SOURCE: SATYAJEET KUMAR/ FOR MY TAKE / IDRW.ORG
External Affairs Minister S Jaishankar speaking to Australian Media clarified Indian stand on the new trilateral security agreement between the United States, the United Kingdom, and Australia to build nuclear-powered submarines using technology provided by the UK and the US after Indian security experts were in the split whether it benefits New Delhi or is detrimental to Indian interests.
India worked with other countries to block a resolution against AUKUS that was moved by China at the recent IAEA general conference. The nuclear attack submarine that Australia plans to build and operate in Indo-Pacific will help in tracking the Chinese navy in the Indian Ocean Region (IOR) and countries like India and Australia must cooperate in putting together a security grid for the IOR that will mutually be beneficial to both in tackling the rise of China.
India is also working on the development of Nuclear attack submarines for its Navy but unlike Australia, India is not getting any direct technology from the UK and the US due to which it has to rely on Russia for its assistance in the development of this niche technology. India has set in motion plans to lease two Akula class nuclear attack submarines for 10 years that will play a crucial role not only to keep eye on the Chinese Navy in the IOR but also help Indian engineers and scientists work on Indian Nuclear attack submarines at its pace.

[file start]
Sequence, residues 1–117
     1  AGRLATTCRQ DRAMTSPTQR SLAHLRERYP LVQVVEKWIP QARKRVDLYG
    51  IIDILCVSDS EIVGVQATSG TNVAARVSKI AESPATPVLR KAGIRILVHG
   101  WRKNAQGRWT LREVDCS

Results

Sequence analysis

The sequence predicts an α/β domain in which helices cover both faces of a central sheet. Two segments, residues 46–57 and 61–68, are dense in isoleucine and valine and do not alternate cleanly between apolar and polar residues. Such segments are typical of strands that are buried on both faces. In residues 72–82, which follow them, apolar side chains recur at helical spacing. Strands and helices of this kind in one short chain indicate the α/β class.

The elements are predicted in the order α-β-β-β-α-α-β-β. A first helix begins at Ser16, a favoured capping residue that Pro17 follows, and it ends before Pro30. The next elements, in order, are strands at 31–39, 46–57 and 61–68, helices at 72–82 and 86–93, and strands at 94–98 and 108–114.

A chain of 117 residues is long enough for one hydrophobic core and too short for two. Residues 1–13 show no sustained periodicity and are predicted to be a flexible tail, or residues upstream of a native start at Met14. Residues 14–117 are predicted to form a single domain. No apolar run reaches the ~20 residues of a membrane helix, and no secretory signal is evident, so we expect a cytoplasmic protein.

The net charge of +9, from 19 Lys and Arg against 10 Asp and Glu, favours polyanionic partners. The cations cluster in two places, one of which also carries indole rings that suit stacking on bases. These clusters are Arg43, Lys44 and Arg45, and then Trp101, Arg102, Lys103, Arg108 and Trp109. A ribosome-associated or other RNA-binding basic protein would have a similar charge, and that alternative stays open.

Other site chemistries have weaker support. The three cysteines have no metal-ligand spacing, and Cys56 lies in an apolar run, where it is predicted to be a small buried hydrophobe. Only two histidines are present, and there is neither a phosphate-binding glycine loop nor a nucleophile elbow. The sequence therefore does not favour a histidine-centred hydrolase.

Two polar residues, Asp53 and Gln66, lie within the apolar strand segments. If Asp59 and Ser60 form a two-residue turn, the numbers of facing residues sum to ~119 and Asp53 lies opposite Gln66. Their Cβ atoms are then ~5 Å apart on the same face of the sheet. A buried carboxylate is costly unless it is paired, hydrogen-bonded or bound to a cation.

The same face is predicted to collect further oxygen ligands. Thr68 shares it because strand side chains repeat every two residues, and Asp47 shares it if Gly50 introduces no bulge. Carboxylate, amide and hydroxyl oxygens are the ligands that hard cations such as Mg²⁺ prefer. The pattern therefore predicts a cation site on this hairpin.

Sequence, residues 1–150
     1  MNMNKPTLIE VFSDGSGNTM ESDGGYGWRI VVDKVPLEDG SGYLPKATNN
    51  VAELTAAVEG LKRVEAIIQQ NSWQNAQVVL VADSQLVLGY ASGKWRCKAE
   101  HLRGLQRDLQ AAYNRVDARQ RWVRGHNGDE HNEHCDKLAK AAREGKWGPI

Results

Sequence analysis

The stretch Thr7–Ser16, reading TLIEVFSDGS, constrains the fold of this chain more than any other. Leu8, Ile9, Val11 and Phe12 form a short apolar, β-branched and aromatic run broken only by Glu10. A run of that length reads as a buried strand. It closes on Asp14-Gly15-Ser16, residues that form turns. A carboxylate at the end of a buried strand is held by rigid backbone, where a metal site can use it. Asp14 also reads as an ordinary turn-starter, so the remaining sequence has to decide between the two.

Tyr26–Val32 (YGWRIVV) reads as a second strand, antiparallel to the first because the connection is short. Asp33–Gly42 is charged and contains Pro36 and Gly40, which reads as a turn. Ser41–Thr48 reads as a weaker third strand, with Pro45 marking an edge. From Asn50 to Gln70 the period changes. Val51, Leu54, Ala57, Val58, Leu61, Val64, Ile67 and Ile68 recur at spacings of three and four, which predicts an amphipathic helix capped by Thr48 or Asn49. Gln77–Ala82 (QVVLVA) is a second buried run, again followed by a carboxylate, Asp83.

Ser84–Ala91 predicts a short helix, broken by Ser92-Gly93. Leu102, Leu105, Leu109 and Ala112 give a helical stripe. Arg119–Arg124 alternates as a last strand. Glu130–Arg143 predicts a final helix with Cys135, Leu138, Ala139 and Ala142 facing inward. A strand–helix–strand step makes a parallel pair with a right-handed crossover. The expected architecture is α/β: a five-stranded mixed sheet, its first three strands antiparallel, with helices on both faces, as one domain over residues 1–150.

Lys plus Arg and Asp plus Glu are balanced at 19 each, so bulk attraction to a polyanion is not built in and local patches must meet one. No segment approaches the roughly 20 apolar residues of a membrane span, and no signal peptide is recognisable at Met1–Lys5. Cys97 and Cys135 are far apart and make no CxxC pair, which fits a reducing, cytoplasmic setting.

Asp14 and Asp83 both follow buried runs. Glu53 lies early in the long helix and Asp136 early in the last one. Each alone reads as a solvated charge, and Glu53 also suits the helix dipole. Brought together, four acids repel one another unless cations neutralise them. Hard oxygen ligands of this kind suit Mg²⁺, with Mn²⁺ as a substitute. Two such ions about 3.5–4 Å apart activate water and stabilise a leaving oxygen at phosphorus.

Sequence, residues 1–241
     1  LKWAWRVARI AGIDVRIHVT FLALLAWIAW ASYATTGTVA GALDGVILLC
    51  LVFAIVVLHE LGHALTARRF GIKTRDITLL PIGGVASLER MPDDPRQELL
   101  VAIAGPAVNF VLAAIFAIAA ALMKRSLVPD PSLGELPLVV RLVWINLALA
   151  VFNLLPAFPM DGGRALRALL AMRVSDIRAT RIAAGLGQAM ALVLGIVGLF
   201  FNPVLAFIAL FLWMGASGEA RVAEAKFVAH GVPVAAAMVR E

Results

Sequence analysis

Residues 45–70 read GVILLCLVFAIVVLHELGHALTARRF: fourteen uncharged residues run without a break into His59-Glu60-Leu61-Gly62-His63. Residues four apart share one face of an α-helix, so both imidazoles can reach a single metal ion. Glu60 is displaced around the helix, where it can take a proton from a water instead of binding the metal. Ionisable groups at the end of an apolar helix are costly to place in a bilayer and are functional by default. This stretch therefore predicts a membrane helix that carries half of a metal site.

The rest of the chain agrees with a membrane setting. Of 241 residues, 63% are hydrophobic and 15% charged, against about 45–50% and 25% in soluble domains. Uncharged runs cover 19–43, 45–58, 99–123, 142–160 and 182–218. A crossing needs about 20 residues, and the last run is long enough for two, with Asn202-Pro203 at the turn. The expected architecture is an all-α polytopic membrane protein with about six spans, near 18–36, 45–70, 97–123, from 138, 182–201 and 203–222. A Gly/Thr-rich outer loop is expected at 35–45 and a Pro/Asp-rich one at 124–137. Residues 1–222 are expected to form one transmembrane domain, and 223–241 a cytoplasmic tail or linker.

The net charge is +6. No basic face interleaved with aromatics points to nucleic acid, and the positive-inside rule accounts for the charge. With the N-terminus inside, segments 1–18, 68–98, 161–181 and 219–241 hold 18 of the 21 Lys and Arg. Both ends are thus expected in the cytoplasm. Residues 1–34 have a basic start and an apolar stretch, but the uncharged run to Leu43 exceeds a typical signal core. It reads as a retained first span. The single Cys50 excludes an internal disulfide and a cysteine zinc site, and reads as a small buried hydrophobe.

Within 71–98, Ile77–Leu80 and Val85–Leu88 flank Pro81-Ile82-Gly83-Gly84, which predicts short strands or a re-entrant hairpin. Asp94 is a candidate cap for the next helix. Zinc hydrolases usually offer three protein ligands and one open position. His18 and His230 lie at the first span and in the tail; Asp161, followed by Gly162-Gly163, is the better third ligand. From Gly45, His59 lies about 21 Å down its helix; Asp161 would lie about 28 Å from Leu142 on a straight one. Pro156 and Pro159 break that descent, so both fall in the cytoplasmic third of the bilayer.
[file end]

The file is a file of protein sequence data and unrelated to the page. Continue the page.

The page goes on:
Western countries have been hard on India to detach itself from Russian weapons and have threatened sanctions in past for procuring Russian S-400 systems and Russian oil. India has explained why it continues to procure Russian systems but there is a high chance that leasing Akula submarines from Russia for approx 3 Billion each might be seen negatively and it is important that foreign services already start making attempts to get western diplomats on its side before the western press starts attacking India again.
Leasing two Akula class submarines are not only crucial for India’s security needs but also in its quest for developing six next-gen attack submarines for its Navy.
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